Goal Setting to Get Ahead
SHOP STATS: Elizabeth AutoCare Locations: Elizabeth, Pa. Operator: Dave Striegel Average Monthly Car Count: 222 Total Staff Size: 8 Shop Size: 3,200 sq. ft. Total Annual Revenue: $1 million
Fine-Tuning for the Future
A year from now, Dave Striegel, owner of Elizabeth AutoCare in Elizabeth, Pa., will be in Alaska. Or on a weeks-long camping trip. Or both.
One thing’s for sure—he won’t be at the shop. He’s had his retirement date, Dec. 31, 2021, set in stone for years. “I’ve set this plan and I’m sticking to it,” he says.
Striegel’s got a discipline for planning that’s guided him through his over 40-year career, setting goals for his shop and its eventual successor in five-year increments for 20 years and counting.
After decades in the gas station industry, he set out to build his own automotive repair shop from the ground up.
“I opened the shop just over 15 years ago and I always planned for it to be my nest egg. I designed it specifically for profitability and efficiency with that goal in mind.”
Not long after launching the shop, Striegel asked his trusted service manager Mike Moeslein to become his successor and as the business has grown, Strigel’s built the business with Moeslein in mind.
Thinking Beyond the Finish Line
Now, as he pulls into the homestretch, Striegel plans to update and upgrade the shop inside and out.
From landscaping projects and a fresh coat of paint to maintain the shop’s pristine exterior to updates ranging from new LED lights and replaced lifts and scanners, Striegel will be working to set Moeslein up for success.
“[Mike’s] making the move from service manager to owner and that’s a big shift in mindset, so I’m trying to tackle all of the things that shouldn’t be on his plate in those first two years of ownership so he can get a grasp on running the business,” he says.
Striegel plans to replace all equipment used on a daily basis, a costly expense that he’s already budgeted for throughout the years, while approaching the shop’s needs with fresh eyes.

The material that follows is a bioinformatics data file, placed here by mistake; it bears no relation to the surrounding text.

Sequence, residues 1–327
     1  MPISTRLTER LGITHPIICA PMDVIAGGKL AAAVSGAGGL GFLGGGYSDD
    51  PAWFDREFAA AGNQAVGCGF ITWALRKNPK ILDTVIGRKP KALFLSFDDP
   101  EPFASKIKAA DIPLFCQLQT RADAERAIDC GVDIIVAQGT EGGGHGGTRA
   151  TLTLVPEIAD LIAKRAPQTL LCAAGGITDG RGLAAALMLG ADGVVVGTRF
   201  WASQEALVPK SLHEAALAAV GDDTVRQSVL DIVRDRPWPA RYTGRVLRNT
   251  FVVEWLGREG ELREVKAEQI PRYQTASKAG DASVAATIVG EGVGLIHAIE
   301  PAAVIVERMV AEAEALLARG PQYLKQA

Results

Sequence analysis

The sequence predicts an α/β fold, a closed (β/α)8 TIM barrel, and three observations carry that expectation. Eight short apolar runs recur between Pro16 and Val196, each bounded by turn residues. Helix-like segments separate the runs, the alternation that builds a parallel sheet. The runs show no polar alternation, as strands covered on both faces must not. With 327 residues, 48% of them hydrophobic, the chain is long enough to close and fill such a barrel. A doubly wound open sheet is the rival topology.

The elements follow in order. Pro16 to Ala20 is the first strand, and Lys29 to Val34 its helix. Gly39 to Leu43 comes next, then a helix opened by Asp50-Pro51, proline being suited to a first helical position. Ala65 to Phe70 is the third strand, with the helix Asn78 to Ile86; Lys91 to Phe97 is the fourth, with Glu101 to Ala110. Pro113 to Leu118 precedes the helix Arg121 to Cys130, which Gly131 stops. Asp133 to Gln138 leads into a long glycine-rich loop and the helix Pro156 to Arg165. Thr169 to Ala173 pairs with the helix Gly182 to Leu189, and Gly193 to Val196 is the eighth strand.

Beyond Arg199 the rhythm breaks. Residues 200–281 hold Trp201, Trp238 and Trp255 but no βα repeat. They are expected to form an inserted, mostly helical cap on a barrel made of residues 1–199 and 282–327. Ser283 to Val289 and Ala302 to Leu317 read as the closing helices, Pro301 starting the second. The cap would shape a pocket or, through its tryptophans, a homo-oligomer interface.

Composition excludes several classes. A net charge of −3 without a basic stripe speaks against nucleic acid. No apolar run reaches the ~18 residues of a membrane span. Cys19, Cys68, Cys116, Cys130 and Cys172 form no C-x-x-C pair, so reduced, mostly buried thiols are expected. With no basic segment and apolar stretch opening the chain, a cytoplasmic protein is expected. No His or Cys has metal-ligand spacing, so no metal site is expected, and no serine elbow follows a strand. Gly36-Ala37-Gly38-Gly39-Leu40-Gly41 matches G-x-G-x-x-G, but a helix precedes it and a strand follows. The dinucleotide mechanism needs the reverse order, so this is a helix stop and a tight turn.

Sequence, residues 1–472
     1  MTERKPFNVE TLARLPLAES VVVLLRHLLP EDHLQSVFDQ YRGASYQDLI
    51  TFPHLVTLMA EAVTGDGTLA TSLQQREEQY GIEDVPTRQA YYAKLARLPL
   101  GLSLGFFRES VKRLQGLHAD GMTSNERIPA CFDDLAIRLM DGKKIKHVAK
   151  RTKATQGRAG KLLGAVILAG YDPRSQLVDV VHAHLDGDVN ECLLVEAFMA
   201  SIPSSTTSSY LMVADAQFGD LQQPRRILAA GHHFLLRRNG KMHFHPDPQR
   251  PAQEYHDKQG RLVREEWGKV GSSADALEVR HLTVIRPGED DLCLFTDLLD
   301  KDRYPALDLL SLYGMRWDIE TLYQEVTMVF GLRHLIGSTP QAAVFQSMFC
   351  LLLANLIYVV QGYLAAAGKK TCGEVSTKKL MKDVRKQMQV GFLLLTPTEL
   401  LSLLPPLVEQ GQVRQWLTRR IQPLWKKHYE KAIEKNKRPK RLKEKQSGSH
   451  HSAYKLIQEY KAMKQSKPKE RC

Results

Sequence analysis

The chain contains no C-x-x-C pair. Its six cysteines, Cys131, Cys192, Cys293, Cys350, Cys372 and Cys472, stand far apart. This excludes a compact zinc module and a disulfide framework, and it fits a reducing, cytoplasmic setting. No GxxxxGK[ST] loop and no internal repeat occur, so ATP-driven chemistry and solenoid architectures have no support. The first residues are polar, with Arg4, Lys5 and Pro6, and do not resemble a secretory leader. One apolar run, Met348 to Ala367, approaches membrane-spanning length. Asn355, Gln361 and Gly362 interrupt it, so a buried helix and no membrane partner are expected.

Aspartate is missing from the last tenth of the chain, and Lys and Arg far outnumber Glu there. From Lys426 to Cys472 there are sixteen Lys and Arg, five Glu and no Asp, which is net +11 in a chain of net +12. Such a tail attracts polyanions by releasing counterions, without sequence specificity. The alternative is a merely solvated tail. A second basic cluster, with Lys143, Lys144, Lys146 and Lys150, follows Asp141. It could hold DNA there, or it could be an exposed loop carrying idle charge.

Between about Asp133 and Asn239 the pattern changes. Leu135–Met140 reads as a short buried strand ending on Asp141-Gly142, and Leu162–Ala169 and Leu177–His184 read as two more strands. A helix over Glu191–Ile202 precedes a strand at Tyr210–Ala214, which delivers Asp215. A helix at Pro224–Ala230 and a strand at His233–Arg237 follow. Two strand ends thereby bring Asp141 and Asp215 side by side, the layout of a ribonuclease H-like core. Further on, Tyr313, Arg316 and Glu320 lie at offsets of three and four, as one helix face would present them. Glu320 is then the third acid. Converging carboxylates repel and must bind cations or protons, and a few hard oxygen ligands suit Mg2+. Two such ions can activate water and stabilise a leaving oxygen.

“I’m asking the questions I’d be considering if I were coming on as a new shop owner. Do we want to stick with our management system or try out a new one? If I were trying to put this shop on the market, what are the updates a new occupant would expect? It’s all top of mind,” he says.
Embracing New Roles
Striegel will be working closely with Moeslein throughout the year to walk through operational tasks, behind the scenes paperwork, taxes and P&L statements, and workflow and delegation strategies, but he’s also budgeted time to work on soft skill strategies.
With a background as an automotive coach, Striegel plans to draw from years of past experience to help Moeslein hone his management skills.
“We’ve had a kind of good cop-bad cop dynamic that’s worked for us and he’s so good at what he does in the shop, but next year I won’t be here, so we’ll work on softening up some of those edges to and knowing when to guide with a gentler hand,” he says. “Employee turnover can be a big issue so building a solid relationship with the team is a top priority.”
The two will be working to hedge off potential employee and customer turnover throughout the year as Moeslein begins to transition from his role as No. 2 to shop boss. Over the last year, Streigel’s begun to leave space for Moeslein to step in and take ownership of that key relationship-building that’s so vital in business.
“It’s about allowing him to act in that leadership role and continue to gain the team’s trust and respect,” says Striegel. “Same thing goes for our customers. We don’t want anyone to think they’ll get a different experience with new ownership in place,” he says, describing the transition as more of a slow and steady climb than a band-aid rip.
“At the end of the day, the better care I can take of him through this transition, the better my retirement will be. It’ll all be worth it.”